When you think of things that go together, what comes to mind? Fred and Wilma, Lucy and Ethel, cookies and milk, peanut butter and jelly. What about watching TV and snacking? Are we right? When you sit down at night to watch your favorite program, how many of you are having a snack? Do you go for something crunchy – popcorn, chips, pretzels, nachos- or something sweet – ice cream, candy, cookies? We are so conditioned to eat when we are watching the tube that it would feel unnatural or awkward to not be eating while watching Grey’s Anatomy.
So, now you’ve settled into the couch with your snack and have the TV remote firmly in hand. It’s 8 o’clock and your show has started. You’re enjoying the program and it goes to commercial. Chances are, that ad is for some kind of food. Fast food, beer, sugary breakfast treats. Does that food ad influence your snacking? If it does, you’ll end up with huge amounts of fat and sugar entering your body.
A recent study analyzed what would happen if a person were to eat 2,000 calories of foods that were advertised on TV. They found that such a diet would include 25 times the recommended servings of sugar and 20 times the recommended servings of fat in a daily diet. And honestly, it’s much more than that, as we know that the government’s idea of a recommended number of servings for sugar and fat is waaaaay too high.
Now, we are grown adults who know good food from bad and who should be less swayed by an advertisement. But sometimes, willpower is low (like when we’re tired or stressed), and that commercial for “natural” ice cream sends you straight to the freezer to dig out that pint of Ben & Jerry’s chocolate chip cookie dough goodness. But what about the influence of TV commercials on kids?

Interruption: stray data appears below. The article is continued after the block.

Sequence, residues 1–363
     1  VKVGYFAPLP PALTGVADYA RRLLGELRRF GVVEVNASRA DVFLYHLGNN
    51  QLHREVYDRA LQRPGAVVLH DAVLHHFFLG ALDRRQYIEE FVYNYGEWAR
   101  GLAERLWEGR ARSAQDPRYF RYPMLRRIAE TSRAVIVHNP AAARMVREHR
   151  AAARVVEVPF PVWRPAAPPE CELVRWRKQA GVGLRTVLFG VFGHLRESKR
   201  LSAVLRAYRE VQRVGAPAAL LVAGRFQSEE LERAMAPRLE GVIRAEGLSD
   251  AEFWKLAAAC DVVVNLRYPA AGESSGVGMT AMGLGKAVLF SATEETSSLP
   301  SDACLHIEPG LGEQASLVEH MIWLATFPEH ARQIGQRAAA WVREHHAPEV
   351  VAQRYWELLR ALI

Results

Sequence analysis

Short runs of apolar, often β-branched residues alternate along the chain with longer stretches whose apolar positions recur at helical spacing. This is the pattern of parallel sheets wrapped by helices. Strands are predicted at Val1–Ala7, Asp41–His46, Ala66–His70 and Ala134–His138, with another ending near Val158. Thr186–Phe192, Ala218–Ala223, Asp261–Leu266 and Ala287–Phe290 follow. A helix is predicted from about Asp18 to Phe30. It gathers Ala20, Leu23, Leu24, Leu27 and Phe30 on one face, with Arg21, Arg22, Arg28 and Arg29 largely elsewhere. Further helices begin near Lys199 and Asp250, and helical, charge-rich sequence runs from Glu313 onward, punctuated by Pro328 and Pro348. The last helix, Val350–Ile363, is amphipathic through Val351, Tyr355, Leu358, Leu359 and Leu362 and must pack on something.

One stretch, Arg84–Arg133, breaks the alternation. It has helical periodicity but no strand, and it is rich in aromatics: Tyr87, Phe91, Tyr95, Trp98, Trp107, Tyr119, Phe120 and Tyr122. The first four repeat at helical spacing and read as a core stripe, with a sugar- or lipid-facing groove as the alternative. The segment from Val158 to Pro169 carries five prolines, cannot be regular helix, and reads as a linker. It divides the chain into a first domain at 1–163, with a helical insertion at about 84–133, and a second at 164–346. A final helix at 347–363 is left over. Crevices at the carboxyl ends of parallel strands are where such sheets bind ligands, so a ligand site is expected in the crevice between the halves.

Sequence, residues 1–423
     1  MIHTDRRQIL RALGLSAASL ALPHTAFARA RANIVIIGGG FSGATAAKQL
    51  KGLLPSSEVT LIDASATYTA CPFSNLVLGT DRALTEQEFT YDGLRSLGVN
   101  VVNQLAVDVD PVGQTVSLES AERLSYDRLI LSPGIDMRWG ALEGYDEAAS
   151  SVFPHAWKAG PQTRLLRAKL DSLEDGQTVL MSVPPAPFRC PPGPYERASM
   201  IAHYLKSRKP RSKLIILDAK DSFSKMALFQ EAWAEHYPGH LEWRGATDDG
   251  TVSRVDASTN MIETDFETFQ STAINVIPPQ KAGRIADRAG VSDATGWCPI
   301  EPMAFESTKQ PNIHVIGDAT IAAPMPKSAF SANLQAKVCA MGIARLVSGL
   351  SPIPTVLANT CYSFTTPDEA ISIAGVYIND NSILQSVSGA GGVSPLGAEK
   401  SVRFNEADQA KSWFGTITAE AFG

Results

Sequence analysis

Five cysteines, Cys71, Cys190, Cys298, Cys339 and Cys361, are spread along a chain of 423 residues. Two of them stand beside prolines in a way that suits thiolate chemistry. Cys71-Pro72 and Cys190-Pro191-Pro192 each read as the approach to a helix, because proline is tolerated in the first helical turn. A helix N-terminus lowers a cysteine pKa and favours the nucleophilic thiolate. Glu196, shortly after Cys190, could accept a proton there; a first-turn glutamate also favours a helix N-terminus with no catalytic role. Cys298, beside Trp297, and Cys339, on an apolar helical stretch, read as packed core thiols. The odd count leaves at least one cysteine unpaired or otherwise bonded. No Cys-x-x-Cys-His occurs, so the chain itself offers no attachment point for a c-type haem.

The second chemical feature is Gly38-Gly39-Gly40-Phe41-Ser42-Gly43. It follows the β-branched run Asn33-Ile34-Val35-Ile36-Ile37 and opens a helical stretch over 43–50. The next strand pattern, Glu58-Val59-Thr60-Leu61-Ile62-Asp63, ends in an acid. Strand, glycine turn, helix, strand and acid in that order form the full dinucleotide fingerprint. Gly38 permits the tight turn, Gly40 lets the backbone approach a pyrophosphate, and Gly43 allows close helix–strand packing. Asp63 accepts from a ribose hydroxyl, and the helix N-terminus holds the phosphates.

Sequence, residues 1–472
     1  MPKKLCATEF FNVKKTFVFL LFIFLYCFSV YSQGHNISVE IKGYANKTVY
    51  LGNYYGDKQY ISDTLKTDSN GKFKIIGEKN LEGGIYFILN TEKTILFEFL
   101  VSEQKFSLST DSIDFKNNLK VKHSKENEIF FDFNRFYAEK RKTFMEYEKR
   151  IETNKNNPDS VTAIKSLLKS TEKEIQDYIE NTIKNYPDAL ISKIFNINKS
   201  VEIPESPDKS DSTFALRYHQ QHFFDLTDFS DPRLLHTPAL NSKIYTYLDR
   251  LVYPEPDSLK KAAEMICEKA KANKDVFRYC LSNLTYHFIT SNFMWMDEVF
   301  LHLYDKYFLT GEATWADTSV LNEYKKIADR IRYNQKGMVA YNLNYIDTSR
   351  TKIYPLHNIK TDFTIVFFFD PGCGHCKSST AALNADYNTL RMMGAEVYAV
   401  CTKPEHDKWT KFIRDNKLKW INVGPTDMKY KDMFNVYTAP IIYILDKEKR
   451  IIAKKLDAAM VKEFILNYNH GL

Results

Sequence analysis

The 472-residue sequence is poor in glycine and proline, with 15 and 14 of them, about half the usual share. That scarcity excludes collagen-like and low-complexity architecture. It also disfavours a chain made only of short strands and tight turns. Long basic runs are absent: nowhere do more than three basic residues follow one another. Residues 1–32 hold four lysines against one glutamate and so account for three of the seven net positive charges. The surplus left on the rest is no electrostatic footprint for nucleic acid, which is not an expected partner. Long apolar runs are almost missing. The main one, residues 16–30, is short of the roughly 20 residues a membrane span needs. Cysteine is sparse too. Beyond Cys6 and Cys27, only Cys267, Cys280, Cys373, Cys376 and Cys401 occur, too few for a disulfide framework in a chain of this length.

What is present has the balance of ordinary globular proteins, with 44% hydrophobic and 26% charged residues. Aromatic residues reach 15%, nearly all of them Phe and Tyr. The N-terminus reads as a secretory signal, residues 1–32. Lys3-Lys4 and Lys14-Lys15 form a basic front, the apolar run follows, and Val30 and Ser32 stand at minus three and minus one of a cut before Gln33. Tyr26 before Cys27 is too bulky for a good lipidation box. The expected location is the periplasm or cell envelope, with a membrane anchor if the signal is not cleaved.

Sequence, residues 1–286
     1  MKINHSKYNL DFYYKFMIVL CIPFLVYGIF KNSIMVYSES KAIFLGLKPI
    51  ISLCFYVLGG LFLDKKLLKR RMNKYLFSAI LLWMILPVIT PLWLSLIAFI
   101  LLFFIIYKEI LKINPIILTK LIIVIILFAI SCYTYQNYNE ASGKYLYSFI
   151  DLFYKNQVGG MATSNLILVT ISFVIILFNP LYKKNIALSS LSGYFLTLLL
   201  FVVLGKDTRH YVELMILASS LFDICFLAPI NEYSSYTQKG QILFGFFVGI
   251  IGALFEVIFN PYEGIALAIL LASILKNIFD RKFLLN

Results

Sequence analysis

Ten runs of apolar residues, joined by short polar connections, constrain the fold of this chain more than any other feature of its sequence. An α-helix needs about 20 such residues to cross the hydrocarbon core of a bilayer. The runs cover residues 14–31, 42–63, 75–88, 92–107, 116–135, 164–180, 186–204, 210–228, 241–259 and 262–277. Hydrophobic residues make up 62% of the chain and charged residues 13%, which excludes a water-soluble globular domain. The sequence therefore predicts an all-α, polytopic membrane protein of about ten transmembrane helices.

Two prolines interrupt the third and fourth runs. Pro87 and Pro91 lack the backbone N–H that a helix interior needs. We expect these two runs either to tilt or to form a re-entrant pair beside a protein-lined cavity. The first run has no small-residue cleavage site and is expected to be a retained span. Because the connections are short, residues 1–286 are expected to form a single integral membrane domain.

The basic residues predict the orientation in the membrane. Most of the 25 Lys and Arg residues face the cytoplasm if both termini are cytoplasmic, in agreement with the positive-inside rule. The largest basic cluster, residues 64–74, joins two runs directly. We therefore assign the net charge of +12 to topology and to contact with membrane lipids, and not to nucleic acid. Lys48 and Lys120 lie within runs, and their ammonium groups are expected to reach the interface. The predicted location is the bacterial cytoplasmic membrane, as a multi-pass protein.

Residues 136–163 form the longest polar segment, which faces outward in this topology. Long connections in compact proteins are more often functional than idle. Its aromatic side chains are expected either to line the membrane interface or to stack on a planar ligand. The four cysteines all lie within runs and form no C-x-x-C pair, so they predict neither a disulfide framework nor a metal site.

If you have ever spent a Saturday morning watching children’s programming, the commercials that run are quite astounding. Kids are being bombarded left and right by ads for soda, fruit “juice” drinks, fast food, sugary cereal, fun-looking yogurt, and Lunchables. Where’s the cute advertising for fruits and vegetables, wild Alaskan salmon, and Greek yogurt? And don’t forget, kids are so naive and gullible. If they see it, they’ll believe it. So they then beg their parents for the stuff they’ve just seen. “Please mommy, let’s go to McDonald’s for a chicken McNugget Happy meal.” or “I want Cheeze-its and Go-Gurt for a snack!” It’s no wonder that one out of four children are either overweight or obese – a statistic that’s only going to continue to rise. Coupled with that is the fact that children are developing medical conditions once only thought to affect adults. High blood pressure, diabetes, high cholesterol, and arthritis are being diagnosed in children as young as age 3.
The take home message is this – what we see does influence what and how much we eat. We can continue to watch TV and make better snack choices. We can record our programs and play them back, skipping over those commercials. But most importantly, we have to protect our children from the deceptive and destructive advertisement that they see. Kids watch way too much TV and absorb everything they see. It’s sad when they can recite a commercial, word for word, but can’t remember their math facts. As moms, it is our responsibility to educate our kids about nutritious and non-nutritious foods, as well as to provide real, whole food, so that they can grow up and not out.